Bamboo Processing Considerations II


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By Shana

The advantage of many renewable fibers such as bamboo is that they can be grown without petroleum based toxic pesticides, herbicides and defoliates such as those that are typically used in cotton growing.

Despite the nearly impeccable growing characteristics of bamboo, there are some concerns associated with its processing (as noted in my recent post Bamboo Processing Considerations I). Since that post, I have come across evidence suggesting that there are companies currently processing bamboo in a low impact manner.

At Green Festivals in DC, I visited Jonano, one of the best eco-fashion apparel stores in my view, and spoke with Bonnie Seifers (owner and designer of the company). According to Bonnie, it is possible to process bamboo without harsh chemicals and damaging environmental impacts. Her process (obviously proprietary) does not use bleaching and is apparently organic. Jonano carries a range of organic clothes for men, women and children with a fashionable, yet comfortable look. Many of her fabrics derived from bamboo and processed into her own proprietary blend called ecoKashmere.

Further to the green bamboo processing argument, last weekend I had the opportunity to visit Envi, a relatively new eco-friendly clothing store on Newbury Street in Boston, MA. Envi carries a broad range of green apparel labels from Stuart + Brown, to Panda Snack, Twice Shy and Toggle as well as Edun.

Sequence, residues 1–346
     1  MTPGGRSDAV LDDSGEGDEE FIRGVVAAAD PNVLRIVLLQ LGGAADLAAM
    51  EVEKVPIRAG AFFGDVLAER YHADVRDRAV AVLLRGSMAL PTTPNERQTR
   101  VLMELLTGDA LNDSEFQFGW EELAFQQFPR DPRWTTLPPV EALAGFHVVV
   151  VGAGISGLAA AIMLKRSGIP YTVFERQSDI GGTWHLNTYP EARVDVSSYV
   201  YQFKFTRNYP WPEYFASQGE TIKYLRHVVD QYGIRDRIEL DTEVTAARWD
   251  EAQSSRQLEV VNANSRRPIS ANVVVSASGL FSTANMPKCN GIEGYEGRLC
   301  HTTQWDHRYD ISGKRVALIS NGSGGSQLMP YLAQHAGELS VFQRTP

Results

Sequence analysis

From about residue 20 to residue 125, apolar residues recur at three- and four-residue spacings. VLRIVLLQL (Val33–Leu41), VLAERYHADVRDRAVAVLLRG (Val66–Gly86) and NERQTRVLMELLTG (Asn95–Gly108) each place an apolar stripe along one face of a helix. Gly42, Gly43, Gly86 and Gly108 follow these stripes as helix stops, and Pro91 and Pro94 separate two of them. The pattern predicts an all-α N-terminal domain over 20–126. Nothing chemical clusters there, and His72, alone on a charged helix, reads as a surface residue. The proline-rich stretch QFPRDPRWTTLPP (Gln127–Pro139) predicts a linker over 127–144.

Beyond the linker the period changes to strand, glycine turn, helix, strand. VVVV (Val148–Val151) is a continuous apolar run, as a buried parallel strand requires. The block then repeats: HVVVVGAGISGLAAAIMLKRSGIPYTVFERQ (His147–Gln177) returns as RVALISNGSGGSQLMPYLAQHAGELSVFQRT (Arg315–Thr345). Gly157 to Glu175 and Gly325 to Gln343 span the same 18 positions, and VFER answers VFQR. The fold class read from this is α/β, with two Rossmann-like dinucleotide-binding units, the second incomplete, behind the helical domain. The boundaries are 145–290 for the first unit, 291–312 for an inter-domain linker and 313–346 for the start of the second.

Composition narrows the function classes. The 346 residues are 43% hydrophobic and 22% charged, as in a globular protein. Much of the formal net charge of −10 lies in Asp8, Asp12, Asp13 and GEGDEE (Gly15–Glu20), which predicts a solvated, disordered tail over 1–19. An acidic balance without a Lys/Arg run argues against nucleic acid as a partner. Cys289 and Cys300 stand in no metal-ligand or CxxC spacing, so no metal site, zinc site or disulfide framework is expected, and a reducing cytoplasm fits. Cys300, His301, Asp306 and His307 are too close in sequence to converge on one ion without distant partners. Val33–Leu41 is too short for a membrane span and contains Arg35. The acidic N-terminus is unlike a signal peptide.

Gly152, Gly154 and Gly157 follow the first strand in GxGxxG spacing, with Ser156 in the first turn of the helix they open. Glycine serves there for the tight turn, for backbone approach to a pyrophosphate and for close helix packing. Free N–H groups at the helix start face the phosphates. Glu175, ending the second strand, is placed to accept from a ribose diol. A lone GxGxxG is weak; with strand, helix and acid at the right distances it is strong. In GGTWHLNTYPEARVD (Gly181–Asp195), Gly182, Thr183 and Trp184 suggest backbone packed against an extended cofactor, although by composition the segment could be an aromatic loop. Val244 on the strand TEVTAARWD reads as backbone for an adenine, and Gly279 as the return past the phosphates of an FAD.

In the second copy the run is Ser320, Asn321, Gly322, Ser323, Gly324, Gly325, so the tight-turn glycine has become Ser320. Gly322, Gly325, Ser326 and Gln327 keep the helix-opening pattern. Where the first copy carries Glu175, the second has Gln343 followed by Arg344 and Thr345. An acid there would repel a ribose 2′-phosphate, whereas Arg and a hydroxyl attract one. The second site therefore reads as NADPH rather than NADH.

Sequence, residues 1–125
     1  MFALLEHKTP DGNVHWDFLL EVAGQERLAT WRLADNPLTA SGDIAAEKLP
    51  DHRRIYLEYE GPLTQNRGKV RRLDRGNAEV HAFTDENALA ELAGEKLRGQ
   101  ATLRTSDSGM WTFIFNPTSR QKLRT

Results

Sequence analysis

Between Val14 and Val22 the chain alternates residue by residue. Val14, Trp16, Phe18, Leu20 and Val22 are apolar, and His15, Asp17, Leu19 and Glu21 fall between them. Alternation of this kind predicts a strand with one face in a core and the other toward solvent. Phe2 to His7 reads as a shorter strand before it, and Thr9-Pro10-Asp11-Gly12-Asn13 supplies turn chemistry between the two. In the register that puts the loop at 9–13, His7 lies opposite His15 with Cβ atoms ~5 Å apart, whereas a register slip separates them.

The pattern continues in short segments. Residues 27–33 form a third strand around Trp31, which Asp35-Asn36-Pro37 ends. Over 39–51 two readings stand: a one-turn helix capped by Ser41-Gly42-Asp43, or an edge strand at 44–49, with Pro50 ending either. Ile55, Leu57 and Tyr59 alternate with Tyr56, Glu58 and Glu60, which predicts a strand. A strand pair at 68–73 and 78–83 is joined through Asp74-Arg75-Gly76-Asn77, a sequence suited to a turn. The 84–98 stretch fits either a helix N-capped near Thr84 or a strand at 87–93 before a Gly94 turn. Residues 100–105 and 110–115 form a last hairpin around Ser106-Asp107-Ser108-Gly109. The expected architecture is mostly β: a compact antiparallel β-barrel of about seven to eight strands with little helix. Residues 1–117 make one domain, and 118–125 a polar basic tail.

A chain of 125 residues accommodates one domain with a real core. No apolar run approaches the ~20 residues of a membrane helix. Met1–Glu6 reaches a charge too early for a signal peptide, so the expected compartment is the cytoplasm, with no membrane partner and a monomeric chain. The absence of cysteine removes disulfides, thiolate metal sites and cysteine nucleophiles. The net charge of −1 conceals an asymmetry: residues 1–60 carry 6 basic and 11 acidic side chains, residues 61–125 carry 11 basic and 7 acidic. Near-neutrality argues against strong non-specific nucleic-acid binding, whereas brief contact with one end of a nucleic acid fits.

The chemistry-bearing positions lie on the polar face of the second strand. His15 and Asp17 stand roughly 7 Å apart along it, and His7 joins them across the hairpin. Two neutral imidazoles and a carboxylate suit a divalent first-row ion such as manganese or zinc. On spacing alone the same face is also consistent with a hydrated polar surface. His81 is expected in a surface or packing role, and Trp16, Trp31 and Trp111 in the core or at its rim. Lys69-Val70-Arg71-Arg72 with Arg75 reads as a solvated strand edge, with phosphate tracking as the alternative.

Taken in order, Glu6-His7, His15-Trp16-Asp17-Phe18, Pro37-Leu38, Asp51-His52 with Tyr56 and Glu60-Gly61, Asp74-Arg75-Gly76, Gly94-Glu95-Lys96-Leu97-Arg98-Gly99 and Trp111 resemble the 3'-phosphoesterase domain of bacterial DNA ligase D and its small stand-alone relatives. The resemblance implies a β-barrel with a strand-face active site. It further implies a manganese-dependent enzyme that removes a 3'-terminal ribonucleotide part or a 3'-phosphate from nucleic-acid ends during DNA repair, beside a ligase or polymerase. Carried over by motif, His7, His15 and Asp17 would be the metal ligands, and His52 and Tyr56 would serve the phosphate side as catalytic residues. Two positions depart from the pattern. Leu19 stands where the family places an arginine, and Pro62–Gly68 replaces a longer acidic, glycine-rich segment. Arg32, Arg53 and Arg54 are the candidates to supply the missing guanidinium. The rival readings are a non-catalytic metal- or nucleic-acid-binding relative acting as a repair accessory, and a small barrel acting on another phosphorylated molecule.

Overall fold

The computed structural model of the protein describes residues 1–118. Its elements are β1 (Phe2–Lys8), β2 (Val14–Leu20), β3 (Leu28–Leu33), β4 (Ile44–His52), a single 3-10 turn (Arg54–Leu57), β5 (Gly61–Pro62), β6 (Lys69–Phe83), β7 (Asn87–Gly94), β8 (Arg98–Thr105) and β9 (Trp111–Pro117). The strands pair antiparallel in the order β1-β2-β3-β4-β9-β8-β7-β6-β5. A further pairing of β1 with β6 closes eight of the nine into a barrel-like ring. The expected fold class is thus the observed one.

While small, the store carries a variety of styles including some of the softest, most appealing bamboo shirts and skirts I have seen. In chatting with the salesperson, I learned that at least some of the companies producing bamboo clothing are borrowing from the practices of Tencel production and reusing the solvents throughout the pulverizing and combing process, such that environmental damage is minimized. So it may be the case that the bamboo clothes (at least those in Envi Be Green and by Jonano) are more green than originally thought.

While it is very difficult to get a solid handle on exact bamboo processing steps and components, Tencel production appears to be one of closest comparison. Tencel is similar to bamboo in a number of respects.

Tencel is the brand name for a fiber generically called lyocell, and lyocell is a man-made fiber from natural wood pulp. It has proven popular in clothing primarily because it is absorbant , soft and comfortable. It is particularly appealing in high humidity climates. Lyocell (or tencel) is stronger that cotton and rayon and does not lose strength when wet. It is frequently blended with cotton or polyester, typically in oven fabrics. It is manufactured using a solvent spinning process, but the solvent is reused so that there is little environmental exposure.

Patagonia, a remarkably innovative outdoor clothing company with one of the most pioneering green track records of the last two decades has been using tencel for quite some time. According to Kill Vlahos, environmental analysis director for Patagonia, “Tencel production is a closed loop system. All solvents remaining after processing are reused; none gone into the waste steam. Most processors won’t talk about bamboo processing. They say it’s a proprietary process. We need disclosure, and the information we get has to reveal true environmental advantages for us to consider the fiber.” Source: ‘All Natural” in Winter 2005

So if this is also the case for Bamboo, then we are looking at a much more eco-friendly product. However I dare say that not all companies are embracing the closed loop production process (without multi-stage bleaching). At Green Festivals, I asked as many vendors as possible who were selling bamboo fabrics/products, and only one of them, Jonano confirmed organic, eco-friendly processing. Others, such as Pure Fiber, mentioned that they do not have full information on the processing, since it is proprietary and done before they get the fabric (in places such as Pakistan).